A family member under California’s sick leave law is a:
PSL may also be used for an employee who is a victim of domestic violence, sexual assault or stalking. For more information, see Domestic Violence, Sexual Assault and Stalking Victims’ Leave notice.
The law is silent on whether and the employer may require the employee to provide a doctor’s note of the need for PSL. The law simply states that the employee must provide reasonable advance notification. The labor commissioner has stated that denying leave because an employee failed to provide a doctor’s note or other details about the leave may lead to a claim against the employer for violation of the law. As a best practice, unless the doctor’s note is required pursuant to another leave law, there is no provision allowing an employer to require it for PSL.
Employers must pay employees no later than the payday for the next regular payroll period after the sick leave was taken.
Hourly employees, need to be paid their regular or normal non-overtime hourly rate for the amount of time taken as PSL. For example, if an employee took two hours of PSL to attend a doctor’s appointment, they will be paid for those two hours at the same non-overtime hourly rate they would have earned if they had been working.
To determine the rate of pay, the employer may either:
For salaried employees, PSL is calculated similarly to wages for other forms of paid leave time (for example, vacation pay, paid -time off).
If an exempt employee has no paid sick leave (PSL), vacation or PTO accrued, or has used up all available PSL, vacation pay or PTO, you can make deductions from salary for full-day absences. To determine the daily rate, an employee’s annual salary should be divided by 52 for the weekly amount, then divided by the number of days the employee usually works in a week. The Division of Labor Standards Enforcement (DLSE) allows deductions of no more than one-fifth of a week’s salary for each day of absence, even if the employee normally works less than five days per week.
Deductions from salary for an exempt employee’s partial-day absence are not permissible. If an exempt employee is absent for a partial work day and has no PSL, vacation or PTO available, the employee must be paid for a full day if he/she performs any work that day.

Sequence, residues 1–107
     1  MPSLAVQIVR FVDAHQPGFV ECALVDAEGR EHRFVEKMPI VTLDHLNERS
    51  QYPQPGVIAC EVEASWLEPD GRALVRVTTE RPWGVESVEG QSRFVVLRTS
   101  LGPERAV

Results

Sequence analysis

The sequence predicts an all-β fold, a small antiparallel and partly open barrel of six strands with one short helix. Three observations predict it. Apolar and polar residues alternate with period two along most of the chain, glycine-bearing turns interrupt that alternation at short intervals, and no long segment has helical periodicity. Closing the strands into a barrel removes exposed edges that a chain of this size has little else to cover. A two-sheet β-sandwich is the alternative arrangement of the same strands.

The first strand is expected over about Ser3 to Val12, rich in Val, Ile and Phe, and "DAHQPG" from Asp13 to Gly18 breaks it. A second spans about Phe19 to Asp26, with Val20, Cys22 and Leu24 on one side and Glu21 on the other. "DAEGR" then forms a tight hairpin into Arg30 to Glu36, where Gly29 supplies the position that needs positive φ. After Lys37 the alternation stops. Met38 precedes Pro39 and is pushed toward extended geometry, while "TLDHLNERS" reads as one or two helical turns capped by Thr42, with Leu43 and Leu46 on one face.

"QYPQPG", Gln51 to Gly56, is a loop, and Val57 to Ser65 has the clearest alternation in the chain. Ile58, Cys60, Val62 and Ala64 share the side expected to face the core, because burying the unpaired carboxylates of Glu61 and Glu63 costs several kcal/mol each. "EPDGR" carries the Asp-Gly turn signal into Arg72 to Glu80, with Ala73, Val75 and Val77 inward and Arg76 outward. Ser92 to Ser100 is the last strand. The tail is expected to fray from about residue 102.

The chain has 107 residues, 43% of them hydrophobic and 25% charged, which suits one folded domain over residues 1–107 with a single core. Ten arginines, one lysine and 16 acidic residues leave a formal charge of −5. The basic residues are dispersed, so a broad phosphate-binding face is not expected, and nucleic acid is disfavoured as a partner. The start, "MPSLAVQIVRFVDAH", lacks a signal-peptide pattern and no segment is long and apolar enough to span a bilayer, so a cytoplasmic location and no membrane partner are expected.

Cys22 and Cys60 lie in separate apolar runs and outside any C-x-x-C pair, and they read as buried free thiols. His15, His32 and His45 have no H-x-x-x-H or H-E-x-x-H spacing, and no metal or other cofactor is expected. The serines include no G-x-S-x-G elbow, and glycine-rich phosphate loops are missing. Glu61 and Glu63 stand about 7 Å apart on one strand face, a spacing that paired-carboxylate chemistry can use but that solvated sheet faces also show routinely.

Although you cannot deduct from an employee’s salary, you are allowed to deduct from an exempt employee’s PSL, vacation or PTO accrual bank for a partial-day absence. Here’s an example: Judy asks to leave work at 10 a.m. on a Friday for a medical appointment. Her normal scheduled hours are from 8 a.m. to 4 p.m. She has only two hours available in her accrued PSL bank. Because Judy worked two hours of her typical schedule, she must receive her full salary for the day. Even though she does not have enough time in her PSL bank to cover her absence, her employer cannot deduct from her salary the time missed. The employer may, however, apply the two hours remaining in her PSL bank toward her salary for the day.
Read more in the Policies and Interpretations Manual from the Division of Labor Standards Enforcement.
PSL is a protected leave right afforded by law. Employers should not:
Employers must post a required Healthy Workplaces/Healthy Families Act of 2014 Paid Sick Leave poster*:
The employer must provide the employee with a written notice indicating the amount of sick time available to the employee at each pay period. You can provide this notice to the employee either:
Keep records for at least three years that document the:
If an employer does not keep adequate records, there is a presumption that the employee is entitled to the maximum number of hours accruable unless the employer can show otherwise by clear and convincing evidence.
The records must be available for inspection by the labor commissioner. The records must also be available for inspection by the employee upon reasonable request, as with other payroll records.
Some cities in California have local mandates that require additional sick leave for employees, in addition to the new sick leave law requirements. Oftentimes, these local laws supersede the state’s PSL policy, especially those that provide greater sick leave benefits to employees. When the two laws differ, you must follow whichever is more generous to employees. This includes but is not limited to the following cities: